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Cited by 149 (4 self)
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this paper, a special MetropolisHastings type algorithm, Metropolized independent sampling, proposed firstly in Hastings (1970), is studied in full detail. The eigenvalues and eigenvectors of the corresponding Markov chain, as well as a sharp bound for the total variation distance between the nth updated distribution and the target distribution, are provided. Furthermore, the relationship between this scheme, rejection sampling, and importance sampling are studied with emphasizes on their relative efficiencies. It is shown that Metropolized independent sampling is superior to rejection sampling in two aspects: asymptotic efficiency and ease of computation. Key Words: Coupling, Delta method, Eigen analysis, Importance ratio. 1 1 Introduction
Finite Markov Chains and Algorithmic Applications
 IN LONDON MATHEMATICAL SOCIETY STUDENT TEXTS
, 2001
"... ..."
The Power of Two Random Choices: A Survey of Techniques and Results
 in Handbook of Randomized Computing
, 2000
"... ITo motivate this survey, we begin with a simple problem that demonstrates a powerful fundamental idea. Suppose that n balls are thrown into n bins, with each ball choosing a bin independently and uniformly at random. Then the maximum load, or the largest number of balls in any bin, is approximately ..."
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Cited by 136 (6 self)
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ITo motivate this survey, we begin with a simple problem that demonstrates a powerful fundamental idea. Suppose that n balls are thrown into n bins, with each ball choosing a bin independently and uniformly at random. Then the maximum load, or the largest number of balls in any bin, is approximately log n= log log n with high probability. Now suppose instead that the balls are placed sequentially, and each ball is placed in the least loaded of d 2 bins chosen independently and uniformly at random. Azar, Broder, Karlin, and Upfal showed that in this case, the maximum load is log log n= log d + (1) with high probability [ABKU99]. The important implication of this result is that even a small amount of choice can lead to drastically different results in load balancing. Indeed, having just two random choices (i.e.,...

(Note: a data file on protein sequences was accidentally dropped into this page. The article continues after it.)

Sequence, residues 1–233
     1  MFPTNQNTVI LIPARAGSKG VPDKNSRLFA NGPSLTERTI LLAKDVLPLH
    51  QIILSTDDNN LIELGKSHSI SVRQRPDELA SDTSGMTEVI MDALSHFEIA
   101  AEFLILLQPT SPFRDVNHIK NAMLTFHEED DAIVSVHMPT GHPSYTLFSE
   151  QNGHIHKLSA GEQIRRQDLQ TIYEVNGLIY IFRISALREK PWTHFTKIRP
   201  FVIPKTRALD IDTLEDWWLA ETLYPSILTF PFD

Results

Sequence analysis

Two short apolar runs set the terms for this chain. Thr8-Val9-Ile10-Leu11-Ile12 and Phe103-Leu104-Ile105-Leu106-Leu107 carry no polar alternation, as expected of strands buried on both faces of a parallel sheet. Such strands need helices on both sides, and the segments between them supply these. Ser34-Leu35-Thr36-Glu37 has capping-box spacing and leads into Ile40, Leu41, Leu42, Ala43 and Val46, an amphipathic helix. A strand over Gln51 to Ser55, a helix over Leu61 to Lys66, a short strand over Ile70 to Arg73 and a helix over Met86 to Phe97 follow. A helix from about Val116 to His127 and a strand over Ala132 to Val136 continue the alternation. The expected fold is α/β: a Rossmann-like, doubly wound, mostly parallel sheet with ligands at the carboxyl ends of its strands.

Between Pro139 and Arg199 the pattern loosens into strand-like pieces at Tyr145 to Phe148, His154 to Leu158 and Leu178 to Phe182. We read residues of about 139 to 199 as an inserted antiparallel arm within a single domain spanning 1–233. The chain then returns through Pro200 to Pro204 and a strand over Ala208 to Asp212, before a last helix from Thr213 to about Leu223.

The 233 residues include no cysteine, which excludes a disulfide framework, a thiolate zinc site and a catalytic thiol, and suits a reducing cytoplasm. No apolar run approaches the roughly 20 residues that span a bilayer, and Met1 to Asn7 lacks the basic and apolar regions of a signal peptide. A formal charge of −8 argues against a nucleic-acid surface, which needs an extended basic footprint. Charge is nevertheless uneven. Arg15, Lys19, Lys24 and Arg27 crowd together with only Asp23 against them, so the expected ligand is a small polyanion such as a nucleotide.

Brownian motion and harmonic analysis on Sierpinski carpets
 MR MR1701339 (2000i:60083
, 1999
"... Abstract. We consider a class of fractal subsets of R d formed in a manner analogous to the construction of the Sierpinski carpet. We prove a uniform Harnack inequality for positive harmonic functions; study the heat equation, and obtain upper and lower bounds on the heat kernel which are, up to con ..."
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Cited by 106 (14 self)
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Abstract. We consider a class of fractal subsets of R d formed in a manner analogous to the construction of the Sierpinski carpet. We prove a uniform Harnack inequality for positive harmonic functions; study the heat equation, and obtain upper and lower bounds on the heat kernel which are, up to constants, the best possible; construct a locally isotropic diffusion X and determine its basic properties; and extend some classical Sobolev and Poincaré inequalities to this setting. 1